There are a lot of laughs in Finding Dory, it looks great and your kids will instantly fall in love with baby Dory during the flashbacks (expect lots of Finding Dory themed merchandise on Christmas lists in a few months). And it is well worth the price of admission (especially if you catch it in 3D), but like many of the sequels Pixar has done, it falls noticeably short of the original. That wouldn’t necessarily be a bad thing, except it seems to happen with all of Pixar’s sequels with the possible exception of the Toy Story movies (and let’s be honest, the nostalgia hurt from Toy Story 3 is what makes it stand out in our emotional memory). This should probably inspire some concern considering that sequels make up nearly everything Pixar has on their scheduled slate over the next few years (Cars 3 next year, Toy Story 4 in 2018 and The Incredibles 2 in 2019, with one lone original property, Coco, scheduled for release in November of 2017). Even the pre film short Piper, while cute in its own way, feels a little less then many of the other shorts Pixar is renown for.

Now might be the best time for parent company Disney to ask what’s preventing their coveted animation brand from returning to the drawing board to pursue original ideas, especially while Pixar is raking in mad cash. As it stands now, many (myself included) would argue that Disney’s own in house animation studio, which gave us the billion dollar mega hit Zootopia a few months ago, may have passed the house that Toy Story built in terms of fresh, bold ideas (Zootopia tackled ideas of discrimination while Disney’s November scheduled Moana will be the first animated feature to concentrate on Hawaiian culture).

Regardless, Finding Dory is an entertaining spectacle for movie fans of all ages. If you can, catch in 3D to really appreciate the quality of the animation, which really lends itself to underwater environments. And you definitely want to stick around for the post credit scene. Even though it doesn’t live up to the original, its full of laughs and the story was reasonably well done. It’s the perfect summer movie for families.

Shayne Kempton



Director: Peter Sohn

Starring: Raymond Ochoa, Jeffrey Wright, Frances McDormand, Anna Paquin and Sam Elliot

Studio: Disney/Pixar

Rated: G

Running Time: 1 Hr, 40 Mins

Disney/Pixar’s The Good Dinosaur took a long time to get to the big screen. Originally slated for release in 2013, it was pushed back several times, with Pixar going back to the drawing board entirely at least once, replacing the director mid-production and Frances McDormand was the only member of the original cast to survive the creative purge. The finished product isn’t horrible but falls well short of Pixar’s usual standards and it might have been interesting to see what Pixar had up its sleeve before scrapping the original plans.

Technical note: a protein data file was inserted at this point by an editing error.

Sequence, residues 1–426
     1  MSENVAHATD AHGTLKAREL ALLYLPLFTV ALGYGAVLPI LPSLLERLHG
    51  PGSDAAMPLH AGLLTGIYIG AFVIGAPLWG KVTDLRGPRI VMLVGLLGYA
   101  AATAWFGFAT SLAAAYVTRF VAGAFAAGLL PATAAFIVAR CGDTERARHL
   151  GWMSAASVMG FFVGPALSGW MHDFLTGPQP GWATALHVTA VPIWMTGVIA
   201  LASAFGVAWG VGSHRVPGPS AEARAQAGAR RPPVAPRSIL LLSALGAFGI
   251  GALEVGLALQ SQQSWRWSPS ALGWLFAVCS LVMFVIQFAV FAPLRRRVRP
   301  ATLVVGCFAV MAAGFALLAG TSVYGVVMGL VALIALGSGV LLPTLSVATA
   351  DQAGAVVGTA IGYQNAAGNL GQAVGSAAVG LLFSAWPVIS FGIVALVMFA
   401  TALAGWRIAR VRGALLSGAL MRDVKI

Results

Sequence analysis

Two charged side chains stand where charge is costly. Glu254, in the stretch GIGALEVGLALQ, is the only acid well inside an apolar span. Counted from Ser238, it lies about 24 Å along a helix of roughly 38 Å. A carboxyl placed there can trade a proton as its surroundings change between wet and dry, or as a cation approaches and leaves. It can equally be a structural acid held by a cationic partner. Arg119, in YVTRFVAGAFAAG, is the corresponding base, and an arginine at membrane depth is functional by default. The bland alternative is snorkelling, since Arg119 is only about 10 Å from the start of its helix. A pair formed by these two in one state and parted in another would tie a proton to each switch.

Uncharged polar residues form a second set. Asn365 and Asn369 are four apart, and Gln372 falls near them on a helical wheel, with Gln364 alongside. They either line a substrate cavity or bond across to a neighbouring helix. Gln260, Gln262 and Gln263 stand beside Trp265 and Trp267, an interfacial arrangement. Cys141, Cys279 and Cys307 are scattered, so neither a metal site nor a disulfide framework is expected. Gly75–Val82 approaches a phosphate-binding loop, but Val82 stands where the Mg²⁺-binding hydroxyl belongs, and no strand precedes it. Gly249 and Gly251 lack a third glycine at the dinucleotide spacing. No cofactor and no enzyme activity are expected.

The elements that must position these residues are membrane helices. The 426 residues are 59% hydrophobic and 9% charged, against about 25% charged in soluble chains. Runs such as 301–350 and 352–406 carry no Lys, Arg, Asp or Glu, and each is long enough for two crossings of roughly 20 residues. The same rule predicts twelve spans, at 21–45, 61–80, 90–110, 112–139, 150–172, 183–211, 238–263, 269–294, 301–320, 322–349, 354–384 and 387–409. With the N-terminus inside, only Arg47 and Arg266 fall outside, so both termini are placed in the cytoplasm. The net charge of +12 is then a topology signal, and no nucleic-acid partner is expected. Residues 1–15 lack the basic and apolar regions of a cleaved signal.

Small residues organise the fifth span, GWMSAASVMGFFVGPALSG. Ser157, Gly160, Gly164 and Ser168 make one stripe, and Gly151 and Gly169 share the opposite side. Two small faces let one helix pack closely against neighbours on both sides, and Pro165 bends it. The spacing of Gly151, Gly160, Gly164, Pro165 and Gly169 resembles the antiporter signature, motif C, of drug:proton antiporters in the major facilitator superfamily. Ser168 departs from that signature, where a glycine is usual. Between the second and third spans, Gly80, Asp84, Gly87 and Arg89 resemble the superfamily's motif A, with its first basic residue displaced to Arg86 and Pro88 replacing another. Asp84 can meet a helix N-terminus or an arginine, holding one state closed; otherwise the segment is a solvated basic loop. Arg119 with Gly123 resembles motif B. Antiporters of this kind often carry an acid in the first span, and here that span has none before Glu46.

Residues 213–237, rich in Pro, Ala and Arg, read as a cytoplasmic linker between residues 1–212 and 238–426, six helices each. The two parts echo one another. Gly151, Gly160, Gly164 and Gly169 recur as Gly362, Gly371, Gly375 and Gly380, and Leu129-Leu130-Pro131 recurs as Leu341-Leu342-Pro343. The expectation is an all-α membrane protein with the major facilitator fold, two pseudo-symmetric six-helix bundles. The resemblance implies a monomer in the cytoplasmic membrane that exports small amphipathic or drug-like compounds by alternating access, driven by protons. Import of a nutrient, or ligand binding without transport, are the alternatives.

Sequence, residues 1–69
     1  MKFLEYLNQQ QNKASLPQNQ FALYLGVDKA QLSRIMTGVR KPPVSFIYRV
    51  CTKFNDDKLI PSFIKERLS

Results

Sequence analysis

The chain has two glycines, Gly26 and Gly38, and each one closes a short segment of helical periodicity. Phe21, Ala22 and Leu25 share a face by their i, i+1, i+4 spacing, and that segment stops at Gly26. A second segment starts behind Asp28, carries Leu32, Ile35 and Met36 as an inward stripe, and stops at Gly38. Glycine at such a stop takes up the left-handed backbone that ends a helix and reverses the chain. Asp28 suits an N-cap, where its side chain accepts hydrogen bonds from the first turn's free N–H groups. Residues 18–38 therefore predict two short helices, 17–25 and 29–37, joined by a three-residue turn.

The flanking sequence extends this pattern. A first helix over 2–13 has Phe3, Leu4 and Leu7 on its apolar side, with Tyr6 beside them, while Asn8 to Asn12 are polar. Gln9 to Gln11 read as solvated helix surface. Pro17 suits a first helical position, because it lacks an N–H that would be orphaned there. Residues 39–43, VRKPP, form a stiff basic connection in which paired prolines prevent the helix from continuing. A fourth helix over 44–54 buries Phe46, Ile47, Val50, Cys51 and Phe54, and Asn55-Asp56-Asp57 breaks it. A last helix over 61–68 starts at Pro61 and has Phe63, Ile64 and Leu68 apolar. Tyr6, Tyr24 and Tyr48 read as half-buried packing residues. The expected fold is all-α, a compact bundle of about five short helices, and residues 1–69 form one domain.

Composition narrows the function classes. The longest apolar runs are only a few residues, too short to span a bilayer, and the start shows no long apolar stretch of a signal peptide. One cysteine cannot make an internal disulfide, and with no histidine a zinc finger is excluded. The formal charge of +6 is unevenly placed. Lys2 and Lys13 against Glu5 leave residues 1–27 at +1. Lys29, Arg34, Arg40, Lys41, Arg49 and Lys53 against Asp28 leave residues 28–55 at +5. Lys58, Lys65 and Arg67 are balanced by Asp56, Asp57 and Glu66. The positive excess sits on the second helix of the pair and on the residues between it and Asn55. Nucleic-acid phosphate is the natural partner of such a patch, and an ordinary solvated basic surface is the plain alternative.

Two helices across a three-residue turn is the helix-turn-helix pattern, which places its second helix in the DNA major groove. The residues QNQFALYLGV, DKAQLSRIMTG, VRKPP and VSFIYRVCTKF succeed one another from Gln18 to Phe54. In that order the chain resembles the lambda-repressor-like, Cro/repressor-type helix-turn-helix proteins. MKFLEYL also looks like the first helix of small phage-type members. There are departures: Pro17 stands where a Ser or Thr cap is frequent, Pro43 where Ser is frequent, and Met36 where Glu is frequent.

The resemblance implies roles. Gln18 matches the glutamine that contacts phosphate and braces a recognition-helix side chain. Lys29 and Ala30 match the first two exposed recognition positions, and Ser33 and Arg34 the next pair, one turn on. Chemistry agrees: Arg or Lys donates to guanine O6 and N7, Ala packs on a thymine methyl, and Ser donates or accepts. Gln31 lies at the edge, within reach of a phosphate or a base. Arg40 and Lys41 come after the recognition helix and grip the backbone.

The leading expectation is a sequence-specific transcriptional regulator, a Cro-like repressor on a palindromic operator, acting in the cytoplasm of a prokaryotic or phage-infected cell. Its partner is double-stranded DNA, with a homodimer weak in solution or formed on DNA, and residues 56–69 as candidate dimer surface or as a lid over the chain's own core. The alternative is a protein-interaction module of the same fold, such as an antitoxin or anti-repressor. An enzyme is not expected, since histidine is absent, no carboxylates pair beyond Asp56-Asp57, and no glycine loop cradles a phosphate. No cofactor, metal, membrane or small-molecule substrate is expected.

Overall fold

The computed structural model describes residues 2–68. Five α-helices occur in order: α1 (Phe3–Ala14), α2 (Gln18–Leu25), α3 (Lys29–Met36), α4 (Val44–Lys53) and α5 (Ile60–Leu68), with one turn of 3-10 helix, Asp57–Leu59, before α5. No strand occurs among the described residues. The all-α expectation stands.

Millions of years after a massive asteroid barely missed Earth, a pair of Sauropods welcome three new additions to their family. Among them is Arlo, the smallest of the children who is skittish and timid from birth. The dinosaur family live on a farm growing corn and raising chickens (who more than occasionally bully the young Arlo) and have to contend with regular visits from a mysterious thief who raids their food stores. Arlo’s constant fear keeps him from being as valuable to the farm as his siblings and his confidence wanes further as he witnesses their personal achievements grow.

When tragedy robs Arlo of his beloved father, the family find themselves struggling to get by and further events soon see Arlo stranded in the wilderness, terrified and desperate to get home. His only ally is the “critter” responsible for stealing their food and leading him and his father on a fatal goose chase. The two must co-operate in order to survive an unforgiving wilderness and get Arlo home. And there is no shortage of danger confronting the two, from more deadly weather to other, carnivorous dinosaurs.

There are moments in The Good Dinosaur where Pixar does what it does best; tug at your heartstrings. There are also a few moments of genuine comedy, particularly when the two dine on some berries that have some interesting psychological side effects. The animators do an excellent job of building a convincing, frontier landscape (there’s a definite old west feel to Dinosaur, whether it be the family roughing it alone on the plains to the T-Rex cattle herders to the wide open, Grand Canyon-like vistas) as well as granting their non-human characters genuine human emotions.